11 July 1963 (Annex ‘I’) of respondent Negros court dismissing the first instituted Special Proceeding No.
6344, supra, and the order of 1 July 1963 (Annex ‘K’) of respondent Manila court denying petitioner’s
omnibus motion to intervene and to dismiss the later-instituted Special Proceeding No. 51396, supra, both
special proceedings pertaining to the settlement of the same estate of the same deceased, and consequently
annulling all proceedings had in Special Proceeding No. 51396; supra of the respondent Manila court as all
taken without jurisdiction.

"For the preservation of the rights of the parties pending these proceedings, petitioner prays for the
issuance of a writ of preliminary injunction enjoining respondents Manila court, Juan Uriarte Zamacona and
Higinio Uriarte from proceeding with Special Proceeding No. 51396, supra, until further orders of this
Court."cralaw virtua1aw l ibra ry

Reasons in support of said petition are stated therein as follows: jgc:c hanrobles. com.ph

"6. Respondent Negros court erred in dismissing its Special Proceeding No. 6344, supra, and failing to
declare itself ‘the court first taking cognizance of the settlement of the estate of’ the deceased Don Juan
Uriarte y Goite as prescribed in Rule 75 section 1 of the Rules of Court. Respondent Manila court erred in
failing to dismiss its Special Proceeding No. 51396, supra, notwithstanding proof of prior filing of Special
Proceeding No. 6344, supra, in the Negros court." cralaw virt ua1aw li bra ry

The writ of preliminary injunction prayed for was granted and issued by this Court on October 24, 1963.

On April 22, 1964 petitioner filed against the same respondents a pleading entitled SUPPLEMENTAL
PETITION FOR MANDAMUS — docketed in this Court as G.R. No. L-21939 — praying, for the reasons therein
stated, that judgment be rendered annulling the orders issued by the Negros Court on December 7, 1963
and February 26, 1964, the first disapproving his record on appeal and the second denying his motion for
reconsideration, and further commanding said court to approve his record on appeal and to give due course
to his appeal. On July 15, 1964 We issued a resolution deferring action on this Supplemental Petition until
the original action for certiorari (G.R. L-21938) is taken up on the merits.

On October 21, 1963 the respondents in G.R. L-21938 filed their answer traversing petitioner’s contention
that the respondent courts had committed grave abuse of discretion in relation to the matters alleged in the
petition for certiorari.

It appears that on November 6, 1961 petitioner filed with the Negros Court a petition for the settlement of
the estate of the late Don Juan Uriarte y Goite (Special Proceeding No. 6344) alleging therein, inter alia,
that, as a natural son of the latter, he was his sole heir, and that, during the lifetime of said decedent,
petitioner had instituted Civil Case No. 6142 in the same Court for his compulsory acknowledgment as such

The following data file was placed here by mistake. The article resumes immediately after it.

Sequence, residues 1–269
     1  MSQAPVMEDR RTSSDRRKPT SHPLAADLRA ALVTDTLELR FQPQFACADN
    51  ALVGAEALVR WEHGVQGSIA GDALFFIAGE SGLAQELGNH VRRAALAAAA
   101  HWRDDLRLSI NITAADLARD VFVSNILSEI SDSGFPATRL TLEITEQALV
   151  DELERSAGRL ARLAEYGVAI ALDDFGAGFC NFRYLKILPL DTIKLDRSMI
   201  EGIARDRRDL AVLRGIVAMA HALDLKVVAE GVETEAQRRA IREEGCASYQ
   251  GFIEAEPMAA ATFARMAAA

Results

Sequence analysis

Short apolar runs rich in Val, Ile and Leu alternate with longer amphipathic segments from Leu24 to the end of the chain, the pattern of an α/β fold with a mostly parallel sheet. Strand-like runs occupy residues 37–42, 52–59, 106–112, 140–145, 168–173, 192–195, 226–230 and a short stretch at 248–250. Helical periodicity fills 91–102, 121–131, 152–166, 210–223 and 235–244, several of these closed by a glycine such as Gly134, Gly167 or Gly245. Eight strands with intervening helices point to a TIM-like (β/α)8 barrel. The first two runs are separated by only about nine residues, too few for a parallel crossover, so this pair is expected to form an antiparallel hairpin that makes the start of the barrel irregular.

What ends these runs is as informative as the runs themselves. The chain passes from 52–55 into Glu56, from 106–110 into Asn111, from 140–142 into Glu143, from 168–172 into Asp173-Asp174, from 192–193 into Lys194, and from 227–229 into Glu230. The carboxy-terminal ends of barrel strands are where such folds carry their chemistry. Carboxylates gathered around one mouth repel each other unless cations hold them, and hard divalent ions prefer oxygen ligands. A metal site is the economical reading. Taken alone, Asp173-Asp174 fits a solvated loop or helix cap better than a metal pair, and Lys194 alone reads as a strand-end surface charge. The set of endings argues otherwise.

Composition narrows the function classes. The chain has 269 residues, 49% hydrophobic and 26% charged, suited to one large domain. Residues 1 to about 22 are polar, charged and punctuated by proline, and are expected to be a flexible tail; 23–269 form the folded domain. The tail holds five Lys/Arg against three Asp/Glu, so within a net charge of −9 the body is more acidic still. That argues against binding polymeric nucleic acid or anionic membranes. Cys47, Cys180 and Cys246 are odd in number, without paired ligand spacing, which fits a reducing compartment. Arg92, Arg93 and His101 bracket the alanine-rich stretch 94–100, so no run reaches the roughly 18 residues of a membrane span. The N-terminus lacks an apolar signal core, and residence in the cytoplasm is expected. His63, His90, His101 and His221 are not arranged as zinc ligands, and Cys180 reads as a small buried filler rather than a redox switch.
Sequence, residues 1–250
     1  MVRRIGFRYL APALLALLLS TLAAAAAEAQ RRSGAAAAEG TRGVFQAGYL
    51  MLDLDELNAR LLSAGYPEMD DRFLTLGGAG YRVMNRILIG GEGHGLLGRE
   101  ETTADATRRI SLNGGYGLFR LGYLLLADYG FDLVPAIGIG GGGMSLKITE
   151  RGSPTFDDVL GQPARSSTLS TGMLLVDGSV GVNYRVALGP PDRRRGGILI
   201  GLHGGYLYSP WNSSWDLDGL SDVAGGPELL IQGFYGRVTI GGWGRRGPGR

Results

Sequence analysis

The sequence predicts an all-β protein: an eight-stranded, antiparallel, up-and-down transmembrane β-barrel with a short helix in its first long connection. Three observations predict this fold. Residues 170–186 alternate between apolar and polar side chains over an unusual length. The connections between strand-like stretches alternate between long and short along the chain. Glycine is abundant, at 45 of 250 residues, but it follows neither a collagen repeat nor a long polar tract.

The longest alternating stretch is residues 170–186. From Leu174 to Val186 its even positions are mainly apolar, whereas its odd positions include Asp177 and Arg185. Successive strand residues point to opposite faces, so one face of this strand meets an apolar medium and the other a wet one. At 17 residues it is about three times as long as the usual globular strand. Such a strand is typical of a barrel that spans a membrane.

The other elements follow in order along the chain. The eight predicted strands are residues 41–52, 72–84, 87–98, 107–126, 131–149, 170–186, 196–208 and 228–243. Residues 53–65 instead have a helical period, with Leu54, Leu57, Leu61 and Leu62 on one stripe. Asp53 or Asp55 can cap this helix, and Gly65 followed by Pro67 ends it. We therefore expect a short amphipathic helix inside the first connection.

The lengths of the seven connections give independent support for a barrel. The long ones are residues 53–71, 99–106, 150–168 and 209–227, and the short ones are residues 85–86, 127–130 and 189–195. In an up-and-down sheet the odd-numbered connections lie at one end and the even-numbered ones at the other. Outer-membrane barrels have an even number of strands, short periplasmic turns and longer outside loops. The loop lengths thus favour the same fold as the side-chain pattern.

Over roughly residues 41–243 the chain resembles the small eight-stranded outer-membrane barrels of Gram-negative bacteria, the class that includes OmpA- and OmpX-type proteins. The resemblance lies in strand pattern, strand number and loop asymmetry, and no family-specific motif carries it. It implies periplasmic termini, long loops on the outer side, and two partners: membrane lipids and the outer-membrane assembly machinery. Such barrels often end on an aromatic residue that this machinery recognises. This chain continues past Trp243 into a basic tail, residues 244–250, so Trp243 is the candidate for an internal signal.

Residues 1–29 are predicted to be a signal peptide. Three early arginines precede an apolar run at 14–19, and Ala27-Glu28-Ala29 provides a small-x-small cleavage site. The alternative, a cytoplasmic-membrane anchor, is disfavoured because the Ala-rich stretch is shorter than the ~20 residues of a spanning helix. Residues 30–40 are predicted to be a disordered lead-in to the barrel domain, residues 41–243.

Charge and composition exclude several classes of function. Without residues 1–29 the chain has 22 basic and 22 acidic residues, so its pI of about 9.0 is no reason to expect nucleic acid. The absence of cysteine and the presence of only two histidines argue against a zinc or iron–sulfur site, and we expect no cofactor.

natural son. Upon petitioner’s motion the Negros Court appointed the Philippine National Bank as special
administrator on November 13, 1961 and two days later it set the date for the hearing of the petition and
ordered that the requisite notices be published in accordance with law. The record discloses, however, that,
for one reason or another, the Philippine National Bank never actually qualified as special administrator. chan roble s.com : vi rtual law lib rary

On December 19, 1961, Higinio Uriarte, one of the two private respondents herein, filed an opposition to the
above-mentioned petition alleging that he was a nephew of the deceased Juan Uriarte y Goite who had
"executed a Last Will and Testament in Spain, a duly authenticated copy whereof has been requested and
which shall be submitted to this Honorable Court upon receipt thereof," and further questioning petitioner’s
capacity and interest to commence the intestate proceeding.

On August 28, 1962, Juan Uriarte Zamacona, the other private respondent, commenced Special Proceeding
No. 51396 in the Manila Court for the probate of a document alleged to be the last will of the deceased Juan
Uriarte y Goite, and on the same date he filed in Special Proceeding No. 6344 of the Negros Court a motion
to dismiss the same on the following grounds: (1) that, as the deceased Juan Uriarte y Goite had left a last
will, there was no legal basis to proceed with said intestate proceedings, and (2) that petitioner Vicente
Uriarte had no legal personality and interest to initiate said intestate proceedings, he not being an
acknowledged natural son of the decedent. A copy of the Petition for Probate and of the alleged Will were
attached to the Motion to Dismiss.

Petitioner opposed the aforesaid motion to dismiss contending that, as the Negros Court was first to take
cognizance of the settlement of the estate of the deceased Juan Uriarte y Goite, it had acquired exclusive
jurisdiction over the same pursuant to Rule 75, Section 1 of the Rules of Court.

On April 19, 1963, the Negros Court sustained Juan Uriarte Zamacona’s motion to dismiss and dismissed the
Special Proceeding No. 6344 pending before it. His motion for reconsideration of said order having been
denied on July 27, 1963, petitioner proceeded to file his notice of appeal, appeal bond and record on appeal
for the purpose of appealing from said orders to this court on questions of law. The administrator with the
will annexed appointed by the Manila Court in Special Proceeding No. 51396 objected to the approval of the
record on appeal, and under date of December 7, 1963 the Negros Court issued the following order: jg c:chan roble s.com.p h

"Oppositor prays that the record on appeal filed by the petitioner on July 27, 1963, be dismissed for having
been filed out of time and for being incomplete. In the meantime, before the said record on appeal was
approved by this Court, the petitioner filed a petition for certiorari before the Supreme Court entitled Vicente
Uriarte, Petitioner, v. Court of First Instance of Negros Occidental, Et Al., G.R. No. L-21938, bringing this
case squarely before the Supreme Court on questions of law which is tantamount to petitioner’s abandoning
his appeal from this Court. cralawnad

"WHEREFORE, in order to give way to the certiorari, the record on appeal filed by the petitioner is hereby
disapproved." cralaw vi rtua 1aw lib rary

In view of the above-quoted order, petitioner filed the supplemental petition for mandamus mentioned
heretofore.

On April 15, 1963 Vicente Uriarte filed an Omnibus Motion in Special Proceeding No. 51396 pending in the